The case discusses a 52-year-old male patient from Ecuador who had been living in Spain for more than one year, with a previous history of hypertension and dyslipidaemia, undergoing treatment with lisinopril and atorvastatin. He was referred to the emergency department after follow-up tests at his health centre showed kidney failure with plasma creatinine (pCr) of 4.3mg/dl and estimated glomerular filtration rate (eGFR) by CKD-EPI of 13ml/min/1.73m2. Six months previously, he had pCr of 1.36mg/dl and urinalysis with proteinuria and microscopic haematuria. The complementary tests revealed a glomerular proteinuria of 10g per day with microscopic haematuria. The serological tests (hepatitis B and C virus, HIV, CMV, Epstein–Barr virus) and autoimmunity tests (antinuclear antibodies, antineutrophil cytoplasmic antibodies, anti-glomerular basement membrane antibodies, proteinogram, complement, extractable nuclear antigens) were negative/normal. The A2 antiphospholipid antibodies were not available at the time. He presented occasional fluctuating mild eosinophilia (1–12%, with eosinophils 100–900/mm3).

A kidney biopsy was performed with a diagnosis of membranous GN in stage 2–3, with marked interstitial inflammation (Fig. 1). Direct immunofluorescence was positive for granular deposits in the basement membrane for IGG, kappa and lambda chains, and in a lower proportion for C3, with these being negative for the rest of the immunoglobulins and C1q (Fig. 2). In view of these findings with significant interstitial inflammation and given the patient's kidney failure, it was decided to start treatment with prednisone at doses of 60mg/day. In addition, the following were added to the treatment: amlodipine, darbepoetin, furosemide, bicarbonate, atorvastatin, iron, omeprazole, trimethoprim/sulfamethoxazole, calcium and vitamin D.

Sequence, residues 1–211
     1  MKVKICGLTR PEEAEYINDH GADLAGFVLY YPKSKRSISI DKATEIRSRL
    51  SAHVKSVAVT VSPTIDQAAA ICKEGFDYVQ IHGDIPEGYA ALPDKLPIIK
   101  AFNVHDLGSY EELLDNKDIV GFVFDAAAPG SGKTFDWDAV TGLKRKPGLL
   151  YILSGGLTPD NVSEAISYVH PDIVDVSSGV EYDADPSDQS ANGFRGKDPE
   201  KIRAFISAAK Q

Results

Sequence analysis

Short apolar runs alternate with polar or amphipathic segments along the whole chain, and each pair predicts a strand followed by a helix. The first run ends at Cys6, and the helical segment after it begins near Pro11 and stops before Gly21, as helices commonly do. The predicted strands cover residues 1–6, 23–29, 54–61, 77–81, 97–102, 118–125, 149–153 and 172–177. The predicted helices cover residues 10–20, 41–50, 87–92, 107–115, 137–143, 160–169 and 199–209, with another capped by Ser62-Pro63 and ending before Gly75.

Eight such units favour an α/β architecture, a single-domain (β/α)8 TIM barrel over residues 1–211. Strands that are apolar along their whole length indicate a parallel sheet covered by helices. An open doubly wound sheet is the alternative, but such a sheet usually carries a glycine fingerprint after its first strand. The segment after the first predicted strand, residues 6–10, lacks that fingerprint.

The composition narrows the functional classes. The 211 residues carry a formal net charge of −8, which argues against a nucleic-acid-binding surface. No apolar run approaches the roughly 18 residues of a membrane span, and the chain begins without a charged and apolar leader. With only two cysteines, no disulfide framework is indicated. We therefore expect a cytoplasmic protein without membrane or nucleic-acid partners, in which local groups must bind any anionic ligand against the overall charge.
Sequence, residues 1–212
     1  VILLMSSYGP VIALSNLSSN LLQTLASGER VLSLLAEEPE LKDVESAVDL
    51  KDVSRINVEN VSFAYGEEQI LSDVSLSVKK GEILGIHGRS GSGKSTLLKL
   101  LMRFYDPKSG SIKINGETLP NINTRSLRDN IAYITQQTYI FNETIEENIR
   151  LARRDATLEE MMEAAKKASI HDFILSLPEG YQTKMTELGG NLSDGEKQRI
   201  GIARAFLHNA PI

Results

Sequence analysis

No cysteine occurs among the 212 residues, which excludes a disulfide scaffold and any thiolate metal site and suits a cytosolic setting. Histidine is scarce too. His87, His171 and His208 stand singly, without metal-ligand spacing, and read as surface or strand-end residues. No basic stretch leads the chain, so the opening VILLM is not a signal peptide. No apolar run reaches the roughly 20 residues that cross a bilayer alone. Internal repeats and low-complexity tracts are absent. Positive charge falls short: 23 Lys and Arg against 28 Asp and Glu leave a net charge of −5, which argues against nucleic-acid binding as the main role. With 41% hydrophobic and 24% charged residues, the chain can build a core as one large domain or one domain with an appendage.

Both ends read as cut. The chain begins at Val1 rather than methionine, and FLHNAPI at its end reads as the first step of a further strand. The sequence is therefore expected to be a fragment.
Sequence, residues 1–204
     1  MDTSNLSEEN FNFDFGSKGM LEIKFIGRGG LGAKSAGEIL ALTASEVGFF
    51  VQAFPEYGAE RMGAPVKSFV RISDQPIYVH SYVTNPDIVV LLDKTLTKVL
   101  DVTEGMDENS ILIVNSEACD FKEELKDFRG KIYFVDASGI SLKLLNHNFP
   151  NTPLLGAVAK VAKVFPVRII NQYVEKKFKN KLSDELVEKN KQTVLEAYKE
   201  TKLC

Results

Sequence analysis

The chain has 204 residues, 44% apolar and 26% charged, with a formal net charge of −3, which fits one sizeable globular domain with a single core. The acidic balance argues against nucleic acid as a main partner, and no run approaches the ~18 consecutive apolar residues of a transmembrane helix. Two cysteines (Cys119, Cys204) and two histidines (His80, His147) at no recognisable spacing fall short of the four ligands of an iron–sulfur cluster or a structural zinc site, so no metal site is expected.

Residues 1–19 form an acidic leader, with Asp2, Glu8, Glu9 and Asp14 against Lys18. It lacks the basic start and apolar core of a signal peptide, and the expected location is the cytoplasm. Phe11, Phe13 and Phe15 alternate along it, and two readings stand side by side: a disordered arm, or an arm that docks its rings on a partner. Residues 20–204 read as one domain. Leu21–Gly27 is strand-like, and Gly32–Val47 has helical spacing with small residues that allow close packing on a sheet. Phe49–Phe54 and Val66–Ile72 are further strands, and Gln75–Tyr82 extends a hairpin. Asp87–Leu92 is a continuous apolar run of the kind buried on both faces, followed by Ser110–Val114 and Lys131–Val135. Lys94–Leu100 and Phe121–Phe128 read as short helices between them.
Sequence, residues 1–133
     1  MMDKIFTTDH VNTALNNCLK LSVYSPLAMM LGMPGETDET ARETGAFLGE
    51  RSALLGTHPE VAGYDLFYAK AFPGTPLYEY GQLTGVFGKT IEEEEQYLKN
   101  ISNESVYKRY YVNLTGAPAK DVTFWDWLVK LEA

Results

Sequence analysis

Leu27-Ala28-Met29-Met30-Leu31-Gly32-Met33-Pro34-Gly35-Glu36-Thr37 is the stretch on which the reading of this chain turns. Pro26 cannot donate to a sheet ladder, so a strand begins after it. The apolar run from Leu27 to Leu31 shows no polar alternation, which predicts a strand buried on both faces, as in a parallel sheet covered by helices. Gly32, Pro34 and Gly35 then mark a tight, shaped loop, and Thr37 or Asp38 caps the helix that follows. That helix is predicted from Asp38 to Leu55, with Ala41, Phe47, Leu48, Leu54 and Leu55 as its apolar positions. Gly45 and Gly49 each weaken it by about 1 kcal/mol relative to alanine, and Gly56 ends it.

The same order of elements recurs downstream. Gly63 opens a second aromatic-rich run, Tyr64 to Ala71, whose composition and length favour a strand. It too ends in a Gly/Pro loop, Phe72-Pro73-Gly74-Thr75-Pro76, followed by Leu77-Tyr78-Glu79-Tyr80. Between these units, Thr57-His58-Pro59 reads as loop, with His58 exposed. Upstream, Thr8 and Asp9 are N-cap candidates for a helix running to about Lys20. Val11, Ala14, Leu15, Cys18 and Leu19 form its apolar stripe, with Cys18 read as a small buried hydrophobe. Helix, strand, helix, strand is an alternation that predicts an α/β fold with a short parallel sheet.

Fig. 1.

Optical microscopy images of the kidney biopsy.

Fig. 2.

Direct immunofluorescence images of the kidney biopsy.


After one month, he came to the clinic reporting anorexia and nonspecific dyspepsia. Kidney function had improved to pCr of 2.3mg/dl and eGFR 30ml/min./1.73m2, as had proteinuria, to 2g/day. Of note from the blood tests were moderate hyponatraemia (127mEq/l) with hyperkalaemia (6.7mEq/l), elevation of CA 125 and corticotropin with cortisol in plasma normal. It was decided to admit the patient to hospital to complete testing and on the fourth day he started to have a low-grade fever, tachycardia, bradypsychia and hyporesponsiveness. A few hours later, he developed a generalised epileptic seizure with meningeal signs. A cranial computed tomography scan was performed which ruled out space-occupying lesions and acute haemorrhage; empirical therapy was initiated with ceftazidime and ampicillin, and a lumbar puncture was performed which showed data compatible with bacterial meningitis. The CSF culture identified Escherichia coli. The cephalosporin was therefore replaced with a carbapenem. The clinical course was poor and after 48h he developed dyspnoea, with severe overall respiratory failure and fluctuations in level of consciousness. He therefore required transfer to the ICU with the diagnosis of septic shock secondary to meningitis for assisted mechanical ventilation and support with inotropic amines.